And, although Abigail’s half feeler’s vanished forever, in Blighty Qantas passengers are likely becoming aware of a few forget-me-nots.

 

Text & illustration © 2018 Zum Beamer/Charles Wood.

Beleaguered Beagle And A Blue Moon

17th March 2018.

 

The dark-rat-hours

Standing in the flowerbed, rapping sharply on my front window, Son-of-Calcutta wore his Panama hat and the look of a beleaguered beagle. Only setting eyes on him once in a blue moon I reckoned on something very amiss. I paused Leonard Cohen’s ‘My Oh My” on iTunes.

“Apologies,” said my wine buff pal. “I’m not my usual positive self.”

“No worries.” Which was total bollocks for starters. The chap was clearly in need of solace.

But lordy-lor, what ailed him? He didn’t follow the cricket, so an Aussie Test loss in South Africa wasn’t in the frame. Neither, obviously, was the relegation plight of the Potters, my beloved Stoke City. And although Son-of-Calcutta had long tied the knot with Russian Ms Neotpolirovannyy, Putin’s possible shadow over murky doings in well-heeled Salisbury wasn’t his bag at all.

Had to be something closer to home. I had an inkling, but preferred some imagined catastrophe. A corked Yering Station pinot noir, perhaps? Or worse, an off bottle of Kilikanoon Revelation Shiraz? Got me thinking we should give ‘Bright n Sandy’, the ever so close by Food and Wine festival, a go.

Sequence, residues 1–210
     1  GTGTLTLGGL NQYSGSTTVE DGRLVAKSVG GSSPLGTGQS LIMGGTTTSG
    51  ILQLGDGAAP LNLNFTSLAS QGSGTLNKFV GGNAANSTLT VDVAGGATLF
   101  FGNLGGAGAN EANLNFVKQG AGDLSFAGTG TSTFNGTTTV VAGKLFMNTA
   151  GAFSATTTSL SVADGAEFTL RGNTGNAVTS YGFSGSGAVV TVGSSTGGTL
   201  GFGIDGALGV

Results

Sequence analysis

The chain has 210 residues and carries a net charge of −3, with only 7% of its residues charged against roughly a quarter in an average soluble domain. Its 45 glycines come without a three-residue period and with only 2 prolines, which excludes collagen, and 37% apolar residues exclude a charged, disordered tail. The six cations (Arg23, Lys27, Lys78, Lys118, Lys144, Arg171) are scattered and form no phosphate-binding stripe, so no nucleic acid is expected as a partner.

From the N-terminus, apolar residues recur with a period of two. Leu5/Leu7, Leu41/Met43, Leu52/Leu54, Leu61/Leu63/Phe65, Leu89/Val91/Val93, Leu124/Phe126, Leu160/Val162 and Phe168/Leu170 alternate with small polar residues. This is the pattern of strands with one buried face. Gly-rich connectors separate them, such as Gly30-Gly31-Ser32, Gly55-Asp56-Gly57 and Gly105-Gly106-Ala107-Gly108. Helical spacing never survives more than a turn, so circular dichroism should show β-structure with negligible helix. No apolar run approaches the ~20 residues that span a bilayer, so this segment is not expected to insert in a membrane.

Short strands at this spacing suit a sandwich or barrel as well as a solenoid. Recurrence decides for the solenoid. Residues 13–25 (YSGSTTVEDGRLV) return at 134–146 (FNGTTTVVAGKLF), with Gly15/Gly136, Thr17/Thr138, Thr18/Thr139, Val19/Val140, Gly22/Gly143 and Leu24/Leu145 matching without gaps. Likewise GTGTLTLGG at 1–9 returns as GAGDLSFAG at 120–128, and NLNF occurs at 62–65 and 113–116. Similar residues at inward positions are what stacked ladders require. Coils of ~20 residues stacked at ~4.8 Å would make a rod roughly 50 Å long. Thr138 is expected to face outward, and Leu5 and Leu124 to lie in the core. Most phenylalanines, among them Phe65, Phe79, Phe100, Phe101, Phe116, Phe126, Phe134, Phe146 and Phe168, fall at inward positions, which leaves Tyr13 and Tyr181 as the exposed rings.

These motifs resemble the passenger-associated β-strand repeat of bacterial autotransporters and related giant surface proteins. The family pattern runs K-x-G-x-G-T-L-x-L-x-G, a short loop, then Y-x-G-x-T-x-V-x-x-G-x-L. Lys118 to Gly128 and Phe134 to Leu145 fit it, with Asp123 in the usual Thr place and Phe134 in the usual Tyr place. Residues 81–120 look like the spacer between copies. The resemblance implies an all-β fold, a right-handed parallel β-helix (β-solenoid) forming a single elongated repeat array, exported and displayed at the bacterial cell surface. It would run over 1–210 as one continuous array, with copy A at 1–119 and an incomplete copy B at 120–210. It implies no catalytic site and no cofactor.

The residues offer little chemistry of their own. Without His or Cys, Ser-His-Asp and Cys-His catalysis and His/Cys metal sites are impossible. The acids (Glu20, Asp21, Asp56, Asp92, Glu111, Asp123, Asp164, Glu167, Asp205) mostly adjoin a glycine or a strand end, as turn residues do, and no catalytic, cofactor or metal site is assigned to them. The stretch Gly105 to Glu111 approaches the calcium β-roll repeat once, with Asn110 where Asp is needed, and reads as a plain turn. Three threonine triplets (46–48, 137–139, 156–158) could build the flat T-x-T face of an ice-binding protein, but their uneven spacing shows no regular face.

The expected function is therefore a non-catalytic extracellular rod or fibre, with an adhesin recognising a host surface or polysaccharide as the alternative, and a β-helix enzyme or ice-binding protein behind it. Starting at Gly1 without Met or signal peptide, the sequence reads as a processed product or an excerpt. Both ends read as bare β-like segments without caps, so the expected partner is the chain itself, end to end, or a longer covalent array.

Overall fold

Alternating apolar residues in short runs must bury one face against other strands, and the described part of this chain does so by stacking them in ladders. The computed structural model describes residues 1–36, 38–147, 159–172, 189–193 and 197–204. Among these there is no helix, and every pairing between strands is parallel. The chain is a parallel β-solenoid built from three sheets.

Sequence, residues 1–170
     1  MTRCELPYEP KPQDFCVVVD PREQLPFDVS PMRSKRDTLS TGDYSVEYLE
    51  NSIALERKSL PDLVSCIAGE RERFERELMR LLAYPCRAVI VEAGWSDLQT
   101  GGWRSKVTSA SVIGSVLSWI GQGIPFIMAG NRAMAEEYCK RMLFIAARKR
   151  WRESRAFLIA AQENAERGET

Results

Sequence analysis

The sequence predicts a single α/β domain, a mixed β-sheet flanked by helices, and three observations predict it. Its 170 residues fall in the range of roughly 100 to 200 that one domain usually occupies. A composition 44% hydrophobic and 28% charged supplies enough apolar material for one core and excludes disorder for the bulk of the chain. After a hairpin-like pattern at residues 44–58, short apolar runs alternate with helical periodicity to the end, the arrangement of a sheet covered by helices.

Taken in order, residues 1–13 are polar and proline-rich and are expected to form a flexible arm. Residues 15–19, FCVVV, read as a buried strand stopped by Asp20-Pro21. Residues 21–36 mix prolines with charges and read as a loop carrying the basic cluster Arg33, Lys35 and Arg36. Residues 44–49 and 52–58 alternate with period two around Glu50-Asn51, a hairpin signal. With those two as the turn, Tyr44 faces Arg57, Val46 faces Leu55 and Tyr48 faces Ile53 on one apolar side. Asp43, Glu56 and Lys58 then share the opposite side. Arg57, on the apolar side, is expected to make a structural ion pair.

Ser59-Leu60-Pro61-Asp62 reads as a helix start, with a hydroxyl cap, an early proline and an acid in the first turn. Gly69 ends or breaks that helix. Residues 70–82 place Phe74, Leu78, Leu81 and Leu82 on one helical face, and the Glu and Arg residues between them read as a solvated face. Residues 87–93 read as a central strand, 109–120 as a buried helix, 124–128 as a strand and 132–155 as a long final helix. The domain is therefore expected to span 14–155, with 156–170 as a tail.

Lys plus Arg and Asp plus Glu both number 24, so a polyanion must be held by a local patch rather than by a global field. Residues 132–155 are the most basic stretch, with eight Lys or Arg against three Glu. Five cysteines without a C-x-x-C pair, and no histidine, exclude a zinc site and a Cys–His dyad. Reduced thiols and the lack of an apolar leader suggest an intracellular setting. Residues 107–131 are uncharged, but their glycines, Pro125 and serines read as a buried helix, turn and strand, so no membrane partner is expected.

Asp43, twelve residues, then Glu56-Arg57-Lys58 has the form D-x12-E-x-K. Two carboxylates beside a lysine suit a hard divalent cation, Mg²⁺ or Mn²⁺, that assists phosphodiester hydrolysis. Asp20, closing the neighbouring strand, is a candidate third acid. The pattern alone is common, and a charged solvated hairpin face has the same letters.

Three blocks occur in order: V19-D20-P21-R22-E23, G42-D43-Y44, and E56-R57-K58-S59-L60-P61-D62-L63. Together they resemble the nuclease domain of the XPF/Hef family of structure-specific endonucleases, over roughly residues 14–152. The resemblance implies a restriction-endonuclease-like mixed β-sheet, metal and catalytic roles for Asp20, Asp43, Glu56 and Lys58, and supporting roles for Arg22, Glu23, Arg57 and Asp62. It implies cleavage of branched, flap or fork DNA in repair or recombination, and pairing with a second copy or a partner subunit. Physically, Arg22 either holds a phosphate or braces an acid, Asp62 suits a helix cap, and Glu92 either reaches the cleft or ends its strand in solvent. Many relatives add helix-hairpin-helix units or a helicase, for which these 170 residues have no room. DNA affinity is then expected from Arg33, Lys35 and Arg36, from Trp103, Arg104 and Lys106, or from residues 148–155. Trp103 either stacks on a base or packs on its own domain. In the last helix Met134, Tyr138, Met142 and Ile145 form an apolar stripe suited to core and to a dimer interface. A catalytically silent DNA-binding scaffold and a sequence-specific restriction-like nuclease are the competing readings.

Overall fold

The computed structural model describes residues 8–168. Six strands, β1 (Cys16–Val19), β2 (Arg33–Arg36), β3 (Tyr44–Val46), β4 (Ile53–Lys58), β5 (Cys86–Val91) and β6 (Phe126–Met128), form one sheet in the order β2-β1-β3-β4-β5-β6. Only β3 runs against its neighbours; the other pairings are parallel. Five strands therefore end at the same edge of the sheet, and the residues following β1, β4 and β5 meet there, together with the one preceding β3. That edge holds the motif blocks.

Bright n Sandy

Entry a hefty couple of bucks, the event was about the size of an English village fete. Good then that the council put in some effort. Giving credence to the ‘Sandy’, a beautifying dump of sand on the adjacent beach’s ugly clutter of slimy stone and broken brick happened. The fickle Melbourne sun though failed to provide the ‘Bright’, deepening a rather bleak Sunday. Still, I suggested we try to wander across.

“Hurry along, gents,” said the gallant lollipop man asserting himself, four abruptly static traffic lanes grumbling at his clenched gut and buttocks. Aware of Son-of-Calcutta’s hair loss I tugged my forelock on behalf of us both. “Feel like a school kid, again,” I said. Lollipop Man and I traded smiles. Son-of-Calcutta stayed glum.

He remained so over a sad chorizo in a bap. He coughed over a thimble-sip of below par Pinot Grigio. Then a lingered hesitation at the Prosecco van. Finally, hallelujah. Within a spit of the balloon stall – a floating kangaroo a further distraction overcome – he filled me in.

Distraction of a floating kangaroo

Turns out he’d risen that morning happy as a possum with a fig. Business was perky, his fine wines Instagram account kept attracting plonk bibblers in their hundreds and he’d had a lovely time the previous weekend: an overnight at a boutique winery. A private affair. The hoi polloi banned. Tastings by invitation only. Even a room share with his good friend Prof Swiggit and a snuggling Portuguese Water Dog hadn’t dampened the joy.